Tangier-America Day! (and my 1st academic conference, ever)

As it happened, the US Cultural Attaché in Morocco caught Nacim and Zakaria’s performance at the Fulbright Symposium (see previous post for videos). A week later, the American Embassy in Rabat contacted me to help organize a fusion performance for Tangier-America Day in – you guessed it – Tangier. I happily obliged. The idea was to showcase American and Moroccan collaboration, so we brought together Nacim Haddad, Zakaria Aktoui, Aicha (a Watson Fellow from the States/phenomenal singer), and myself. Aicha brought a soul-stirring addition of jazz vocals and spoken word to a Gnawa 3-piece band: Nacim on the haj houj, Zakaria on the qraqeb, and yours truly on the tabla (hand drums). The result was quite a spectacle (YES, that was a double entendre in French!), and we even had the honor of playing for the US Ambassador, Samuel Kaplan, and his wife Sylvia. Believe it or not, Zakaria did his first ever Gnawa toe touch less than a foot away from them. Check it out. Oh yeah, we called ourselves Gnawa Voyageur…and Zakaria and I just might be the greatest dance duo in Tangier-America Day history (see video 3).

Here’s the opener, a variation on “Bu Lila. Aicha comes in with the 2nd chorus on English:


Then she took center stage with a bit of poetry:

And finally, the showstopper:

I also took this time to wrap up my interviews with M’Alem Abdellah El Gourd in Tangier. We spent well over 10 hours in 3 sittings discussing my findings, playing the haj houj, and pondering the future of tagnawit. I incorporated these final talks into the paper I presented for the ICPS Conference at the Kasbah Museum in Tangier. My paper was a continuation of what I presented at the Symposium, but with a focus on site specificity. It also began with a recap of how my project had evolved over the previous months:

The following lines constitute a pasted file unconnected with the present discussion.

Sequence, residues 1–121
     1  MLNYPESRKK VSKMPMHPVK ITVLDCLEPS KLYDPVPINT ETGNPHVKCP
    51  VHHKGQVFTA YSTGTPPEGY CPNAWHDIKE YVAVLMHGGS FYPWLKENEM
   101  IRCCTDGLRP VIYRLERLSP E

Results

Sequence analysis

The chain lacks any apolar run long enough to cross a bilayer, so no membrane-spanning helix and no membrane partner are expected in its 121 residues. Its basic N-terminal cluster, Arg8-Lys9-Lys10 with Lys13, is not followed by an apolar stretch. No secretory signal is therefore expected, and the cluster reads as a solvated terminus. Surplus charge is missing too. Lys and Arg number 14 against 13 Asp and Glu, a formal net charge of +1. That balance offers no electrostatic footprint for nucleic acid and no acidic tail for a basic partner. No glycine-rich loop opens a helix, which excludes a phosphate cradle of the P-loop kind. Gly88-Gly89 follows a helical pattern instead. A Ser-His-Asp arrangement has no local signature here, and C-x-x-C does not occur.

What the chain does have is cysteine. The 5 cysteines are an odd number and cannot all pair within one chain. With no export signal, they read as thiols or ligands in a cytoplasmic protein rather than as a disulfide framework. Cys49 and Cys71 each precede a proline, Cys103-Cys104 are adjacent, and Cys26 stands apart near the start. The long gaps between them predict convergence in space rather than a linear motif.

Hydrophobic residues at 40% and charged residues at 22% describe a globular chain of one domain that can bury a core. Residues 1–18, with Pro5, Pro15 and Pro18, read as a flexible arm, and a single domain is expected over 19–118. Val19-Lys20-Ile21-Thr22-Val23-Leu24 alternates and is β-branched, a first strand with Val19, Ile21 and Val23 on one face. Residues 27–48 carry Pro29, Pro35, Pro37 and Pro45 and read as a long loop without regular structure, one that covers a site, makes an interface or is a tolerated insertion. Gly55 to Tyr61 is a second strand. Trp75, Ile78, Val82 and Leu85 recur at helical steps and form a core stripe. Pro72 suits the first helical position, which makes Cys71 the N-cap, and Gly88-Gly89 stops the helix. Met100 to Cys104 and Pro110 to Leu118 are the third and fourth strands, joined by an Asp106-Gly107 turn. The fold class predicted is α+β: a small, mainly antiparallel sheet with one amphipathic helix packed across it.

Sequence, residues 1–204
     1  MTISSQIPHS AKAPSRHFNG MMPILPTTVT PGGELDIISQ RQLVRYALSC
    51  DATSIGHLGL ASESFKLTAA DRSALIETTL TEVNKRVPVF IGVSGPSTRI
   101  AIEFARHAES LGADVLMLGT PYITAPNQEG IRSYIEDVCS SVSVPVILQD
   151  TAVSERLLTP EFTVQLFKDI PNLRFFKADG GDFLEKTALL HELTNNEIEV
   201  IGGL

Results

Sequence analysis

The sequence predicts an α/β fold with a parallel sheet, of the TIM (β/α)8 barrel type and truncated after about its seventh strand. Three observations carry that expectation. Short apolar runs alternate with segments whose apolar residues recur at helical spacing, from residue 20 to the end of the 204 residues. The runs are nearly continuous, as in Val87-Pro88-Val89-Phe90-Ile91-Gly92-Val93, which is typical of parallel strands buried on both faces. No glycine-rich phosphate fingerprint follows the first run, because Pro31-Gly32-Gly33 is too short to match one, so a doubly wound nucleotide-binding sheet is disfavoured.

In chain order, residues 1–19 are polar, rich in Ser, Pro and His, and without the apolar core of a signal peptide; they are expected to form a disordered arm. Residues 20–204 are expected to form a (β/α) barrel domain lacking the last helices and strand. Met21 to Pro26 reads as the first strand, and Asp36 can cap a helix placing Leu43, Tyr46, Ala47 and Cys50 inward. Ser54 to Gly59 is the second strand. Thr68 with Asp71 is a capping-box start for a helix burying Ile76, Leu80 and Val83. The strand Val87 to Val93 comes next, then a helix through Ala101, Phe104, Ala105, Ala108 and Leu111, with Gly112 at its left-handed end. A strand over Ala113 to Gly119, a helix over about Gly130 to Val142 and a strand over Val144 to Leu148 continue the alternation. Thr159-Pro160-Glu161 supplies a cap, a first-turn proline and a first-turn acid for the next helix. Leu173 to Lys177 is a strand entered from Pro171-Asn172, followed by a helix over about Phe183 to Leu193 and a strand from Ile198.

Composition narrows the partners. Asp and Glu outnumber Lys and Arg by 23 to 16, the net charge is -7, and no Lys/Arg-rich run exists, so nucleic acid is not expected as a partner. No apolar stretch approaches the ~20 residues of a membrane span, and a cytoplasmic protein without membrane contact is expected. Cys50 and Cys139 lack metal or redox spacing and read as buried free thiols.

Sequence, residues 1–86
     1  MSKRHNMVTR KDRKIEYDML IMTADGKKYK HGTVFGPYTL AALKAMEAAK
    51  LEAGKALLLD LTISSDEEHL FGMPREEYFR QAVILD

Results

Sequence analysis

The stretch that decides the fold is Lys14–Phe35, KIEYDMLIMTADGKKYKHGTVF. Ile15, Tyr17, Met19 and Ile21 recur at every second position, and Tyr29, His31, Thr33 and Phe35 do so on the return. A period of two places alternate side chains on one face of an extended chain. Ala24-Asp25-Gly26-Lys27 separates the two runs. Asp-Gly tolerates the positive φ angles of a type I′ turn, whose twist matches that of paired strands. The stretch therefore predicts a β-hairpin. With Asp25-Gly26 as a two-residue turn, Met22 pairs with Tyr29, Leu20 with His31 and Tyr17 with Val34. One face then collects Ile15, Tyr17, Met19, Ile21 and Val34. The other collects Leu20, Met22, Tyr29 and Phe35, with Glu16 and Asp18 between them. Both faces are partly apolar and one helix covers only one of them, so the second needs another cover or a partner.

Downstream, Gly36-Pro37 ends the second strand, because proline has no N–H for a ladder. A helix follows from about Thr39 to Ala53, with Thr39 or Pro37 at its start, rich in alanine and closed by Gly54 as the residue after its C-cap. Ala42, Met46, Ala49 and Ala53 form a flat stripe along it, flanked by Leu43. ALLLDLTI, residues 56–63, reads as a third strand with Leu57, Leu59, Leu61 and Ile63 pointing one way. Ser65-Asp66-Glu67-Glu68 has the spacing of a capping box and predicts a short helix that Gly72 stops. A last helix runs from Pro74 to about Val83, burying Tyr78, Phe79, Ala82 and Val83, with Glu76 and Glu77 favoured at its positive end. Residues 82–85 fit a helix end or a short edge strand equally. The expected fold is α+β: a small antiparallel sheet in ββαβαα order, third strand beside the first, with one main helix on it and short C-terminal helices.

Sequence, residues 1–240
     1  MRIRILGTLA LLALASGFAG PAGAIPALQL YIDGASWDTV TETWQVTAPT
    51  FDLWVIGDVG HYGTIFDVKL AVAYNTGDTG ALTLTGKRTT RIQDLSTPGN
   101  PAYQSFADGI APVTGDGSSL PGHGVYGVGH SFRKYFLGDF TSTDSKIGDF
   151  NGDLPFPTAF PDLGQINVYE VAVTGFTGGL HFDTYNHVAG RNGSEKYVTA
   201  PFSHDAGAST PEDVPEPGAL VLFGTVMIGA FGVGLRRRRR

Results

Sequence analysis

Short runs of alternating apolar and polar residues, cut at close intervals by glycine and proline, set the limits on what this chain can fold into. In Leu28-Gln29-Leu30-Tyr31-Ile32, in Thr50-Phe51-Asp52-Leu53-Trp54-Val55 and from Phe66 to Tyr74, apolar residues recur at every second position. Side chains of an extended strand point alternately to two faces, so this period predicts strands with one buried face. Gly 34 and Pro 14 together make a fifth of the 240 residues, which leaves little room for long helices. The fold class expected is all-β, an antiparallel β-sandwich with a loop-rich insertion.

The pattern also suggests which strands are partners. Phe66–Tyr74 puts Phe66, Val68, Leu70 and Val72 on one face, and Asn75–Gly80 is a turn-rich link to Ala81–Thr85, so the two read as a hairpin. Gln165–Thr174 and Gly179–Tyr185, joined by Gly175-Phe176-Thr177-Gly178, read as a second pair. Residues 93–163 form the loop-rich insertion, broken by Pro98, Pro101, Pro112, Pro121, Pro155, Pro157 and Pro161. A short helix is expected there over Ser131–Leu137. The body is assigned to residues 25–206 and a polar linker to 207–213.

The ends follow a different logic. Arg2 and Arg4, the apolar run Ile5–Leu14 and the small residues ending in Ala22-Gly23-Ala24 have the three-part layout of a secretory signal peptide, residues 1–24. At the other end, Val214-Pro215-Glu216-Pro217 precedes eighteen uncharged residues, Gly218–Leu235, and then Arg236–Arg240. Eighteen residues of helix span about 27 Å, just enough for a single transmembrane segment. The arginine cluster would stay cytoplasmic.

“At the outset, my Fulbright research project sought to explore the local impact of Gnawa musical collaborations; exemplified by the trans-Atlantic productions of M’alem Abdellah “Bualkhaeir” El Gourd of Tangier and jazz pianist Randy Weston. It has since refocused to address inherent questions of authenticity, as well as site specificity, in the context of Gnawa fusion performance. In this paper I examine the vocabulary of authentic traits, including linguistic, genealogical, religious, geographic, musical, and spiritual, that the Gnawa use to reassess tagnawit in the face of musical exchange, commercialism, and a changing audience; and also highlight the Kasbah Gnawa in Sale, the Jewish-influenced sebtiyin ritual, Dar Gnawa in Tangier, and the Festival in Essaouira as site specific case studies.”

The attending scholars, who came from as far as California and Pakistan, responded to the paper with much polite clapping and an intense Q&A session. It was my first time presenting on a topic at an academic conference, and I think it was a fantastic way to get my feet wet. It was also the first time I had the opportunity to really incorporate my own findings, data, photos, and clips from the field, into the body of my paper. I cannot explain how rewarding this was outside of the college experience. I’ve been fine-tuning the paper after receiving feedback and criticisms from the audience, and resubmitted it for publication with ICPS in their “Emerging Scholars” Journal. That’s all for now. Next post…the WORLD MUSIC FESTIVAL IN ESSAOUIRA!

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